Growing pains: Switching from paper to technology

While adults are quick to complain about how this generation is “obsessed with technology”, it sometimes seems like they are the ones pushing it on us. With significant changes like the the switch to online midterms this year, it made me begin to wonder how much of school students actually prefer to be online, so I conducted a survey asking students about whether they would rather have certain parts of school to be online or on paper.  

The first question I asked was if students would rather take tests online or with a hardcopy and answer sheet. A strong 82.8% said they preferred testing to be done on paper, while only 17.2% favored online testing.

Many students are outraged by the switch to online testing this year. It is much easier to make mistakes online, such as accidentally clicking the wrong answer. Also, with subjects such as math, there is work that has to be done on paper. While we will get scrap paper, it would be easier to have the whole thing on paper instead of having to keep switching from the chromebook to read the problem, then to paper to solve the problem, then back to the chromebook to select the answer. Also, doing things online introduces new potential problems that students have no control over, such as a website crashing.

The second question had similar results. Since the addition of chromebooks, many teachers just put online versions of articles and notes on google classroom, so I asked if students prefered to read books, articles, and textbooks online or with a paper copy. 81.5% favored paper copies, while only 18.5% preferred online versions.

“It’s easier to do things like highlight and take notes in person…Writing [on paper] helps things stick in my brain,” explains senior Abbie Baitinger.

This is a good point, as studies show that students remember facts better when they write them by hand instead of type them.

However, some students do prefer most of school to be done digitally.

“I feel like online is more convenient and better for the environment,” points out senior Emily Wiley, “Everything is right there when you use online things like highlighting and notes…I don’t like writing.”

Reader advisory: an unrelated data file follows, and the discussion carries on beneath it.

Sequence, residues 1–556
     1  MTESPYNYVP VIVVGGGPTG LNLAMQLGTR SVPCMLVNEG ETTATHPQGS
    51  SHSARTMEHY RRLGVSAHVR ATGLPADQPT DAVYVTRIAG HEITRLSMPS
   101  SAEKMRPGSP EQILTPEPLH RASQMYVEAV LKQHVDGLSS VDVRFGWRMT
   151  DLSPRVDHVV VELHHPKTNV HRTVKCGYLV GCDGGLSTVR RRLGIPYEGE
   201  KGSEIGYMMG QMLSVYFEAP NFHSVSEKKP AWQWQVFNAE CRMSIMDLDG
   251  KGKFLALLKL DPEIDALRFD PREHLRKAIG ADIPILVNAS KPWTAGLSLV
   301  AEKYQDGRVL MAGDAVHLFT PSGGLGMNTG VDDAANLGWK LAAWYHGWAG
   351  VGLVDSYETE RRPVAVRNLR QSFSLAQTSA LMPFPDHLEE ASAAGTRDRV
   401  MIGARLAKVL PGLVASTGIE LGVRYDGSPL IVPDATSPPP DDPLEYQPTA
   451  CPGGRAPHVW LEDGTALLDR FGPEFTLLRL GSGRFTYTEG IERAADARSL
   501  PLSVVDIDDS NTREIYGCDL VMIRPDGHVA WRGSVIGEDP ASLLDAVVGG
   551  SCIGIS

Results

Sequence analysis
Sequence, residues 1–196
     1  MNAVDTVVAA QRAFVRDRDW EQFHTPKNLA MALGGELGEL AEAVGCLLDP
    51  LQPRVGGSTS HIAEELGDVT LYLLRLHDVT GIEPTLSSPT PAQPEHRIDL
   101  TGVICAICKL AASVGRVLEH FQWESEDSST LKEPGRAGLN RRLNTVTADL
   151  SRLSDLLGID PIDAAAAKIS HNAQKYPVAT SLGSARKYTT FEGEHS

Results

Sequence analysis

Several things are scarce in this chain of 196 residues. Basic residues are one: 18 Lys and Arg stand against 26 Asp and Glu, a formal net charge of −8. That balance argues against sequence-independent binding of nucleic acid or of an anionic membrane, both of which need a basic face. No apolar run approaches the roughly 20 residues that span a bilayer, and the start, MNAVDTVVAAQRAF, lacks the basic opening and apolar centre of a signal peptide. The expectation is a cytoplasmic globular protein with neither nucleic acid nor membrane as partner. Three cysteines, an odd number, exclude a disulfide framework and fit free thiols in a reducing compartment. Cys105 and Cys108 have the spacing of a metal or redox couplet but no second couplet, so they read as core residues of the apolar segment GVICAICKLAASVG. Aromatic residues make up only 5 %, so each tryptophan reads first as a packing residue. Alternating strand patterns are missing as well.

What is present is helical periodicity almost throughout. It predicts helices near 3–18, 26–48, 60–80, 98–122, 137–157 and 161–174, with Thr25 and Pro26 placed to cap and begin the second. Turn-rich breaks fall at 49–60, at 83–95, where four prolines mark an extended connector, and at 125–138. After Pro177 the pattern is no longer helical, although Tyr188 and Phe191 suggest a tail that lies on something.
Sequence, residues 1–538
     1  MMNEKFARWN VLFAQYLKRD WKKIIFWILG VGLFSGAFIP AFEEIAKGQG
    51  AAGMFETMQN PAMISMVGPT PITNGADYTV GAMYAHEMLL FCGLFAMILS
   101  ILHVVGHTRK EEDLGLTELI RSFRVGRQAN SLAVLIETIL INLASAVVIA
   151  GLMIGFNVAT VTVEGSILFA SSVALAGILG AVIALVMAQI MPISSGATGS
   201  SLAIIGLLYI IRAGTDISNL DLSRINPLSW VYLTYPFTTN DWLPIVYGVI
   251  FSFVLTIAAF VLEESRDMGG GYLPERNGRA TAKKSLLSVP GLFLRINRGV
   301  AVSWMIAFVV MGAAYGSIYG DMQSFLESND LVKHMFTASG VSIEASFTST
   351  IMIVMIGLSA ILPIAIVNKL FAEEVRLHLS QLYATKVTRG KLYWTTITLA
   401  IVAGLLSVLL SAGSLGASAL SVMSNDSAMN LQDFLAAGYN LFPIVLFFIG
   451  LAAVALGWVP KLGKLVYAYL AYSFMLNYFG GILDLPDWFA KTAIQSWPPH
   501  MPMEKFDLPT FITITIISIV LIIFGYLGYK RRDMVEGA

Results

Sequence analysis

Wiley also brings up a good point, since completing assignments and reading notes online saves a lot of paper, and students can turn in assignments digitally without having to go through the trouble of printing.

Also, there are some aspects of school that the majority of students do prefer to be online. The last question I asked was whether students preferred to write essays online or on paper. This had opposite results than the other two questions: Only 10.3% would rather write them by had, while 89.7% would rather type them.

These are the results I expected from this question, since writing seems to be a lot more convenient online. It is much easier to edit papers that way, since it is possible to add, delete, and move words around without having to erase, and it keeps everything neat. Also, most people can type faster than they can write, so it is easier to type long papers.

While technology continues to improve and increase, it is easy to make more and more parts of school digital and assume that the majority of students prefer it that way. Technology definitely gives a lot of learning tools and can make some tasks much easier. However, some parts of school, such as reading and taking tests, are preferred by students to be left the old-fashioned way.